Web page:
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Exhibition news: Seoung Ku Lee — From Nature: Mental Images, at Han Collection

News of an exhibition in the gallery formerly known as Mokspace:

From Nature: Mental Images

Seoung Ku Lee
16th June – 30th June 2016
Han Collection | 33 Museum Street | Bloomsbury | London WC1A 1LH |
Monday to Saturday, 11am to 6pm

Seoung Ku Lee
Seoung Ku Lee: From Nature – mental images of Landscape No 002 (Black) Oil, acrylic & Cotton on canvas 53cm x 45.5cm, 2015

Han Collection is pleased to present ‘From Nature’, an exhibition of works by Seoung Ku Lee. His ‘From Nature’ series begins in early 1990s with the image of human body, and moved to large circular voluminous masses. From 1996 to early 2000s, Lee tried to create a striking contrast of light and dark, and dynamic structures.

Absorbing and smudging effects of ink are the natural itself. If I tried to generate the expressive substance of the mental images, composed within the time and spatial limitations, through the variations of these effects, this will be a natural beauty, and stonger than any artificial results (From the artist’s notes).

In his own interpretation of absorbing and smudging offects of ink, he has explored every possible and distinctive approach and method, available in the field of painting and print-making, in order to invent his own unique method. As for painting, he first applied colour, made from natural pigment on to hanji or Korean paper, then, by using print-making techniques, printed samll images, and finished the surface with soybean juice coating.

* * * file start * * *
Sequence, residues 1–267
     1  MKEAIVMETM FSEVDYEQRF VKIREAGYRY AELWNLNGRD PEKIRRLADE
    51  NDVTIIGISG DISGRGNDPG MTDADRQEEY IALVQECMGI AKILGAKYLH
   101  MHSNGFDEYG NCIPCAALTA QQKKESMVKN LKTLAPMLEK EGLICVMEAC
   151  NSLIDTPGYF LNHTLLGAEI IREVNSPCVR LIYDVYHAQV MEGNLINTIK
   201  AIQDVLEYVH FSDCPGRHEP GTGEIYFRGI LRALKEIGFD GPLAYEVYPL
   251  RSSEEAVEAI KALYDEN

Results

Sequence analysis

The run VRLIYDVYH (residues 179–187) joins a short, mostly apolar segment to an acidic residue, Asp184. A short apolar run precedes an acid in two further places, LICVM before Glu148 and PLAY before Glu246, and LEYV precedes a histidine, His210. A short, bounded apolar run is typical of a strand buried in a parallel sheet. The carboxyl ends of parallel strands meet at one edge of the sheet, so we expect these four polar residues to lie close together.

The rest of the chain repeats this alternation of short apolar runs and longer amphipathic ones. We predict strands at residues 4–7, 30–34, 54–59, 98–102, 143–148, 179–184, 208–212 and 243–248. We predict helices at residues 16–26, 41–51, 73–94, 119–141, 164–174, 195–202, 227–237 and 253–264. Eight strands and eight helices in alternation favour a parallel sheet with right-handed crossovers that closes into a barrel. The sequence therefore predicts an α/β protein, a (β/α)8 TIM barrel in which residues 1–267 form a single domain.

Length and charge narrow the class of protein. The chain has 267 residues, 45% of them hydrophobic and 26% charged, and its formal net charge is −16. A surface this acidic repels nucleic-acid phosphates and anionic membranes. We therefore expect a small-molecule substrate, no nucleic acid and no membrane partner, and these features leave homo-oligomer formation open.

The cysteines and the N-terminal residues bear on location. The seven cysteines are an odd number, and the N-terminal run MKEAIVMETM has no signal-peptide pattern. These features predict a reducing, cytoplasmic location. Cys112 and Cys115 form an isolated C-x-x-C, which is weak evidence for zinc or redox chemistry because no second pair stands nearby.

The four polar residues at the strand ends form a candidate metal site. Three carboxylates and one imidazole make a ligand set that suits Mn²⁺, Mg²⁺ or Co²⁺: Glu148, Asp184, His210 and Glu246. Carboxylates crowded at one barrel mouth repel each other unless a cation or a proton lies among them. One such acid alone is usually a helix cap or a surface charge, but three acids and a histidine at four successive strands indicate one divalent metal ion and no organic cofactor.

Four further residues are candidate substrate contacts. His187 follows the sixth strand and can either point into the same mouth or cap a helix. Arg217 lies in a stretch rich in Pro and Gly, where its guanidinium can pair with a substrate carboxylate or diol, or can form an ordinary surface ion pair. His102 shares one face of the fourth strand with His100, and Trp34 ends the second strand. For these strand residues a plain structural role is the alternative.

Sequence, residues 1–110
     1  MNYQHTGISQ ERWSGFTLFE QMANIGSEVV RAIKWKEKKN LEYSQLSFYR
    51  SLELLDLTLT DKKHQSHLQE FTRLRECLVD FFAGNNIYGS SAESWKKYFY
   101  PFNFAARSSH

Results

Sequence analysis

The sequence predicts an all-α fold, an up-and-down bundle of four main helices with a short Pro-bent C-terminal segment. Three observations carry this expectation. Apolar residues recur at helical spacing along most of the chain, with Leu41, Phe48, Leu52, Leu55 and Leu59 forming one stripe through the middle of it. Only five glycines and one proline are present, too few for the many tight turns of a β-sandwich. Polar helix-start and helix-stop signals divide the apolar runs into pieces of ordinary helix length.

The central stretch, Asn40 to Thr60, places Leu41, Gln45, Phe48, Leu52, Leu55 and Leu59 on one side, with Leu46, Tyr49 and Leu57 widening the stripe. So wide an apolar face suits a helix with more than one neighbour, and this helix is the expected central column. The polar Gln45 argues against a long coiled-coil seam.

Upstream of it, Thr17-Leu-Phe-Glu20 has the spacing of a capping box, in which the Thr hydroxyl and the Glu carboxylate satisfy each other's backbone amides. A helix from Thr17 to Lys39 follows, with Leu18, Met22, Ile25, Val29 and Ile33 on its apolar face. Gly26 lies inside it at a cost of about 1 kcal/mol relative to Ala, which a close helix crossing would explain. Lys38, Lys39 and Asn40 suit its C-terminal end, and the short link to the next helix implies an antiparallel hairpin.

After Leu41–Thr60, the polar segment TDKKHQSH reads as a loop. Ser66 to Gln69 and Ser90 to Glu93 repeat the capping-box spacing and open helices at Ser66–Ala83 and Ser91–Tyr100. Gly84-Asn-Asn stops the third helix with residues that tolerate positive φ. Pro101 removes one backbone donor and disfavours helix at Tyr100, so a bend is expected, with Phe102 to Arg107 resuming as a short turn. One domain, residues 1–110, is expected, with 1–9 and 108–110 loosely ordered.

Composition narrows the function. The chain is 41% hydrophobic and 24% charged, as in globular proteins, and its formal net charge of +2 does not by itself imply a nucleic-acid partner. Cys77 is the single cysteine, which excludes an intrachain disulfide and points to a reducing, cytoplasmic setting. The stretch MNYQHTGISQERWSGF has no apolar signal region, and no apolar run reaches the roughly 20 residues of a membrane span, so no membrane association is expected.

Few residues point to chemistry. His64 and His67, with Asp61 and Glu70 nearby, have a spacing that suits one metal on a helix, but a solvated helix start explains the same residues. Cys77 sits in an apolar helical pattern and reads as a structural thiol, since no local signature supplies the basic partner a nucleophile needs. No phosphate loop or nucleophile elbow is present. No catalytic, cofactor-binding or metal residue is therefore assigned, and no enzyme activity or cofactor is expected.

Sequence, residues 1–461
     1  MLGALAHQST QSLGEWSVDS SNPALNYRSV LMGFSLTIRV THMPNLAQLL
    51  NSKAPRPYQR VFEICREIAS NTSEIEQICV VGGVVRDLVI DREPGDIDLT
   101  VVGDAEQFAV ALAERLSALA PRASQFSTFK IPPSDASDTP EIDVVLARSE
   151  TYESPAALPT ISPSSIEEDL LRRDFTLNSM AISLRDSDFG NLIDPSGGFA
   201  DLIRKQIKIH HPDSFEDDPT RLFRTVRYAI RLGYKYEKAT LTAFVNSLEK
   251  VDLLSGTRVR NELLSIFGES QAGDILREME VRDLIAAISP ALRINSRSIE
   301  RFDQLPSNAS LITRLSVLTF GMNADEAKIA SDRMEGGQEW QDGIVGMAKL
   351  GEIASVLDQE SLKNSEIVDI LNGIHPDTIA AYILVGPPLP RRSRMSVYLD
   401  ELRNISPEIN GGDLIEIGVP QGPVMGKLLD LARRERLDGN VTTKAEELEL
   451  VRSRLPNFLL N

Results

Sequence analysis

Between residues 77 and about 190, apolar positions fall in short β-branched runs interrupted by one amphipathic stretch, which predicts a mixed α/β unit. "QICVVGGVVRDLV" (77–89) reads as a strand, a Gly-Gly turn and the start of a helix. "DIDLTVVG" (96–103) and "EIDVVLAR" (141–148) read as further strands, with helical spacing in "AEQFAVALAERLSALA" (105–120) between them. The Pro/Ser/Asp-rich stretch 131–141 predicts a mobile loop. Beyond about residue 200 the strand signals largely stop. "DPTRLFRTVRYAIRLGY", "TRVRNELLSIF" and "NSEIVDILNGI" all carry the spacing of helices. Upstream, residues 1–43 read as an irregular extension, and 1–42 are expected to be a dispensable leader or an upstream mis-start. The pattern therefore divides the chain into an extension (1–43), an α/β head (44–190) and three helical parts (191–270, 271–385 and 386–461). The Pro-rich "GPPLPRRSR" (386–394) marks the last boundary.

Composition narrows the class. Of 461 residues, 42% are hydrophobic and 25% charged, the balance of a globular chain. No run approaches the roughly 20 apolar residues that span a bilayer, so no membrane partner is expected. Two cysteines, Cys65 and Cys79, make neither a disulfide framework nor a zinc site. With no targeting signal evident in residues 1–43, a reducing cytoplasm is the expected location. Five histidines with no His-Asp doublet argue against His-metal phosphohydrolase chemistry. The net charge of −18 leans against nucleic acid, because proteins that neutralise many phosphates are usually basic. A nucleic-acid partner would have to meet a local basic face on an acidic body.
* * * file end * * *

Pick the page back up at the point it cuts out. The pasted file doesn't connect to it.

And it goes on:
He employed the images of traditional Korean roofs, roof tiles, tomb statutory, skirts, kites and fish, all of which are recognised as the icons of Korean cultural heritages. When Lee use these as motifs, he applied kaolin on the surface of Korean paper, then drew the images of his motifs, and finished the surface with a coat.

His current work began with him relecting on the original meanings of the Korean adjective ‘natural’, and the eects of these on his mind and heart. Lee’s ‘From Nature’ series delightfully opens up a page in his artistic history. The naturalness, emitted form the colour and fragrance of his black icons, evokes similar feelings to ancient Korean cultural heritage such as traditional architects, furniture and potteries.


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